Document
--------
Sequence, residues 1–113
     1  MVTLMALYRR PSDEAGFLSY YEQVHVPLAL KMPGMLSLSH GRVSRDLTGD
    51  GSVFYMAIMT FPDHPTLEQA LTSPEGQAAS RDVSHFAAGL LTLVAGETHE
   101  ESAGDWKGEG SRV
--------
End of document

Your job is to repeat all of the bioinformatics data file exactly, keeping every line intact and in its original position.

Sequence, residues 1–113
     1  MVTLMALYRR PSDEAGFLSY YEQVHVPLAL KMPGMLSLSH GRVSRDLTGD
    51  GSVFYMAIMT FPDHPTLEQA LTSPEGQAAS RDVSHFAAGL LTLVAGETHE
   101  ESAGDWKGEG SRV